Martyrdom of St. Elizabeth Romanov and Nun Barbara (1918)
Commemorated on July 5
Grand Duchess Elizabeth was a grand-daughter of Queen
Victoria of England and the older sister of the Empress Alexandra (July 4).
After marrying Grand Duke Sergei she converted to the Orthodox faith, though
this was not required by her position. After her husband was assasinated in
1905, she took monastic vows and withdrew from the world, founding the Convent
of Saints Mary and Martha. There she served as superior, devoting her time to
prayer, fasting, and caring for the sick and the poor.
During the Russian Revolution, she was seized by the God-hating Bolsheviks and taken to the Urals, where she and several with her were martyred by being thrown alive down an abandoned mine-shaft. When the fall did not kill them, soldiers threw grenades down the shaft to complete their work. Saint Elizabeth was singing the Cherubic Hymn when she died.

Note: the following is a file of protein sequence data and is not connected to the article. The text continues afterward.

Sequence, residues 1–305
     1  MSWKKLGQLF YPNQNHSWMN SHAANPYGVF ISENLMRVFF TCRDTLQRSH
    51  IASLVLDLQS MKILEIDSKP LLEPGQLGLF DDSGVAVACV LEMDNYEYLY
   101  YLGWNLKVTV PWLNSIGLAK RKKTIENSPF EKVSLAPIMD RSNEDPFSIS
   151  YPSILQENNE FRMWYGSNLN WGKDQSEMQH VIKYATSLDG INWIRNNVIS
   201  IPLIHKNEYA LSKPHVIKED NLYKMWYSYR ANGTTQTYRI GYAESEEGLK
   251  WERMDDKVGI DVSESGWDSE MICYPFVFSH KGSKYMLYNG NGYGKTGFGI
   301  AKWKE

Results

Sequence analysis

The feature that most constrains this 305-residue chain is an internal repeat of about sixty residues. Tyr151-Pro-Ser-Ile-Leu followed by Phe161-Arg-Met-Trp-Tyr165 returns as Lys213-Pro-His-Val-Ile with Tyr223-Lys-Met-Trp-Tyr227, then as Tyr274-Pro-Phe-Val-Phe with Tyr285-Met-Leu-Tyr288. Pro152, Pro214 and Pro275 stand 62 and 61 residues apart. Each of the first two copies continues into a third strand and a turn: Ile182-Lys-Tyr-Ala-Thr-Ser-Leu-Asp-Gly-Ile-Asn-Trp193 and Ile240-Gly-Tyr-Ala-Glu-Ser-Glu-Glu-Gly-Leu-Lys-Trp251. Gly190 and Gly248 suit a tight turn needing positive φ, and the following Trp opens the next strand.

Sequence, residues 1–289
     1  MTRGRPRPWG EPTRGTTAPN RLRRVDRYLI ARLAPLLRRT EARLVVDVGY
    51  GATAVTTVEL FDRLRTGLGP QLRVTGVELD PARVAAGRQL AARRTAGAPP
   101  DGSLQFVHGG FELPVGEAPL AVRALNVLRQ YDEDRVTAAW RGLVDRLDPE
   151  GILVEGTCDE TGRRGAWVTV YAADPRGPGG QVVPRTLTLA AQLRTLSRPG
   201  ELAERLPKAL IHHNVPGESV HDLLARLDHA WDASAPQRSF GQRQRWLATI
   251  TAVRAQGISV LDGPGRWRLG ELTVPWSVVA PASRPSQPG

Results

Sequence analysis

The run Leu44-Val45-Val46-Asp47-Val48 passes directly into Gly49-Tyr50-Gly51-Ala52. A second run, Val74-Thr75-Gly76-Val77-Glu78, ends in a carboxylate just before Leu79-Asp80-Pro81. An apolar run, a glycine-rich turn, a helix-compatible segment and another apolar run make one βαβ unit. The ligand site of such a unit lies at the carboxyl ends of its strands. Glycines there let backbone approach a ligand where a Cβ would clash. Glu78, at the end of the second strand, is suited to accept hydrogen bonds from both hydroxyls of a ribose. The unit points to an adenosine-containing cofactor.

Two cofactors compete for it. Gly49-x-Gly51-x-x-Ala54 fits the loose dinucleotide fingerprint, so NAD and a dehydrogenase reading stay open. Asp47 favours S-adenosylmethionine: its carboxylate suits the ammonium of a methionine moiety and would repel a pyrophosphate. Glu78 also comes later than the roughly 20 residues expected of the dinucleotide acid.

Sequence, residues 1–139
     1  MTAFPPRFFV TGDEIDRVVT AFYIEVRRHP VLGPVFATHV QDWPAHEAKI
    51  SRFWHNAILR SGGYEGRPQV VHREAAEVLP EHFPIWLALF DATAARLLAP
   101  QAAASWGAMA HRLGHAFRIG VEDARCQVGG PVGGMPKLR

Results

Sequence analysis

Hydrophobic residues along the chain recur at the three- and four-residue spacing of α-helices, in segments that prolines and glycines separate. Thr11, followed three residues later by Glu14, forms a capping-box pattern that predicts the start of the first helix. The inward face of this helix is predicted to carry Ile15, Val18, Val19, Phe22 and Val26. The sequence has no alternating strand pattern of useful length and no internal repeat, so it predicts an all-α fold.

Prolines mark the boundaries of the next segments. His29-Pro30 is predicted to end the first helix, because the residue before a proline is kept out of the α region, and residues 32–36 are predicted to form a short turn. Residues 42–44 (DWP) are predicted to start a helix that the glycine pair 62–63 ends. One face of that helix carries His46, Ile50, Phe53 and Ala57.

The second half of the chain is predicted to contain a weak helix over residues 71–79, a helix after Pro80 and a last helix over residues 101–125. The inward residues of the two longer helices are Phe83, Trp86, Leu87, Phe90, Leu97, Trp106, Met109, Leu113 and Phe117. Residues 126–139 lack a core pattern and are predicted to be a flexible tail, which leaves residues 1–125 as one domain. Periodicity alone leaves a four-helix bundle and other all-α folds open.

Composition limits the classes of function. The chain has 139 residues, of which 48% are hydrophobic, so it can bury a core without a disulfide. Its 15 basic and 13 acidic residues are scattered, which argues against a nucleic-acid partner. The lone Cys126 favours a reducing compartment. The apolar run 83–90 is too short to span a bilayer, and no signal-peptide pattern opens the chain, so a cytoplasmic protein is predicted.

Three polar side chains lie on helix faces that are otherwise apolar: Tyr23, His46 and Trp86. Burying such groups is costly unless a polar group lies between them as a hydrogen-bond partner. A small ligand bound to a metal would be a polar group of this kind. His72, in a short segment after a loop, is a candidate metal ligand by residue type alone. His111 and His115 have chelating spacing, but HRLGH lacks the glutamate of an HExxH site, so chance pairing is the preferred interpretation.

The Nun Barbara, her cell-attendant, voluntarily followed St Elizabeth into exile and received martyrdom with her. Their relics were recovered and taken at great risk to China, then to Jerusalem, where they were deposited in the Convent of St Mary Magdalene. When their reliquaries were opened in 1981, their bodies were found to be partly incorrupt, and gave off a sweet fragrance.
Footnote: After the assasination of her husband in Moscow, Grand Duchess Elizabeth had a cross erected at the site of his death, bearing the inscription "Father, forgive them, for they know not what they do." After the revolution, the cross remained standing through the devotion of the people of Moscow to St Elizabeth, until it was personally torn down by Lenin.